Evaluating Your Year in Business in the Home ServicesBy My Service Depot on Wednesday, January 9, 2019
The new year marks a good time to take stock of your business. What did you do well and what can you do better?
The new year means another 12 months officially in the books for your field service company. Congratulations! While remaining in business for another year is a version of success, there is more to making it in business than making money. (Seriously!)
In this article, we’ll look at the different ways you can evaluate your success and spot the areas of your business that could use improvement. You have to gather your books for taxes anyway, so why not give your business a checkup at the same time?
Do Your Books
No matter how large or small your company, you need to do your books to pay taxes and remain in compliance with local and federal laws. You might have a shoebox full of receipts, a well-organized QuickBooks system, or something in between. Whether you hire a bookkeeper or enter in everything yourself, take the time to balance everything and figure out where you stand.
If you work as a sole proprietor, you can sometimes get in the habit of pocketing your profits and paying bills as they come in. However, if you run your business that way, you risk running it into the ground. For those of you with larger companies and payroll, you probably have some system in place to make sure your people, suppliers, and utilities all get paid. That’s great, but it’s not the same as a year-end evaluation.
Time to total everything up and see where you stand! “Your business is a living breathing thing,” says Robert Herjavec of Shark Tank, “its measure of value is how much cash it can produce.”
Ideally, you should have a Balance Sheet to illustrate how well your business was doing when the calendar ran out. This snapshot will list out any assets your company has as well as any liabilities or equity. Think of it as your net worth as a company. You will also need an Income Statement, which weighs the money you’ve brought in versus the money you have going out. Finally, and maybe most importantly, you will need a Cash Flow Statement. This financial document looks at the cash your company has actually received and where it all went. You can use it to see how much cashflow you generated since the beginning of the year.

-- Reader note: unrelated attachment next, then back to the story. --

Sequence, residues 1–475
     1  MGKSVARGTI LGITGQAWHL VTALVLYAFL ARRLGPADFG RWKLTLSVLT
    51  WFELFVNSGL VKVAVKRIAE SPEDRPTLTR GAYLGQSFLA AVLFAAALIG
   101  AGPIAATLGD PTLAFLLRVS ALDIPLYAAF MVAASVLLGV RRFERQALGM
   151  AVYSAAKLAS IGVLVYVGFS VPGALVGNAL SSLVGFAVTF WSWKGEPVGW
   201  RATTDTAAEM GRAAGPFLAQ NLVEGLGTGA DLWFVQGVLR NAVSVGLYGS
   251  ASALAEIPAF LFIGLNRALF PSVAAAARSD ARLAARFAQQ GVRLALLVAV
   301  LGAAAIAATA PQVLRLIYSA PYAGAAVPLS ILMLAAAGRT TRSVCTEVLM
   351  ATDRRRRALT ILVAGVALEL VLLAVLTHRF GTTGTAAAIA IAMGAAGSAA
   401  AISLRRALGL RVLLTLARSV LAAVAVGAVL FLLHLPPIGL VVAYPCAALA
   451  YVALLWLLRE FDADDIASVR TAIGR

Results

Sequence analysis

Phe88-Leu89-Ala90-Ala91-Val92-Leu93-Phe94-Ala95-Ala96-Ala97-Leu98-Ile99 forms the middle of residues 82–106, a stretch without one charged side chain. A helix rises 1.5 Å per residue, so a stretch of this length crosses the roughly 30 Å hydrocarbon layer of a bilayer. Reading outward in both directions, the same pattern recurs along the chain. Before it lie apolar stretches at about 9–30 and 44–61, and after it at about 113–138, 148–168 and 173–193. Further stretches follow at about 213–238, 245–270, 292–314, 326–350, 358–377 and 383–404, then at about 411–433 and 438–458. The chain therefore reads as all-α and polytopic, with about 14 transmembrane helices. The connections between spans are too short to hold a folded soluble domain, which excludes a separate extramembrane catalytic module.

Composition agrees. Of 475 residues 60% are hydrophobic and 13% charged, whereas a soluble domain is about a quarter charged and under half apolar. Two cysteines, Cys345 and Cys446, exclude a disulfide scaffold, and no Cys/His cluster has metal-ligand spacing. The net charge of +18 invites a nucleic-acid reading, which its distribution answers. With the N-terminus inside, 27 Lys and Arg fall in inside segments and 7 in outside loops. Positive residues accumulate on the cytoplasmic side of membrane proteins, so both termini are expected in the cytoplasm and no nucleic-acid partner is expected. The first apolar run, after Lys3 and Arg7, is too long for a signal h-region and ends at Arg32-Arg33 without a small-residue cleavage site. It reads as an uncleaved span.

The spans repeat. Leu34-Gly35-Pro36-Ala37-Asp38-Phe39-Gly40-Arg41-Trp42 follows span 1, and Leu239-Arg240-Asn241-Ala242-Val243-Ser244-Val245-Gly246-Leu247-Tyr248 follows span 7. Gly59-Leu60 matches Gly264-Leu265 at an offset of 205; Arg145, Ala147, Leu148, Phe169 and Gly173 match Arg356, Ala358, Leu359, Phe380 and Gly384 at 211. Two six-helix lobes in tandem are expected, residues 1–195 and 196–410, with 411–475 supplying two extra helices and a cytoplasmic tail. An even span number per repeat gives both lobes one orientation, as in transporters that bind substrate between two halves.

Analyze the numbers.
Anyone can look at total revenue, but how should you absorb these numbers? What does healthy growth look like? These are important questions. Obviously, if you are operating in the black, that’s a good thing, but it’s not the end of the story.
Let’s start with the basics.
First, look at whether you have fulfilled all of your obligations. Did you pay your taxes? What about your payroll and the taxes that resulted from those wages? Do you have unpaid bills? A long-term payment plan can be a smart idea, but delaying payment on a utility because money is tight is the opposite of success. Your income should be sufficient to cover all of your expenses, including your own salary, and then some. You should have enough cash flow to cover your short-term obligations.
Second, how do your numbers compare to last year’s figures? Did they increase at all? If not, you may have a problem. With factors like inflation, earning the same amount (aka “treading water”) is the same thing as drowning. Today’s dollars are worth less than yesterday’s income. You need to see your earnings increase by a small amount year over year at a minimum to balance that out.
Where do you want to be in five years?
Finally, look to the future and evaluate your preparations for what comes next. For example, how much money did you reinvest in your company? If your books look good compared to the last fiscal year, but you haven’t bought any new equipment, paid for advertising, or invested in additional job training, you are fooling yourself. Part of staying in business and being successful is planning for tomorrow. It’s true in any business but it is extra important in the home service industries. From HVAC to plumbing, your business is wherever your customers are. You need to make sure that you look the part (in a good way), your vehicle looks professional, your equipment remains in good condition, and your logo/signage doesn’t need replacement. Also, consider how you want your business to evolve over the next few years. You might need to start putting a plan in place today to get where you want to go.
Remember, running a successful business means more than just watching revenue. In order for your company to exist next year, you need to post a profit while also reinvesting in your business, accounting for inflation, and tucking away some business profits for a rainy day.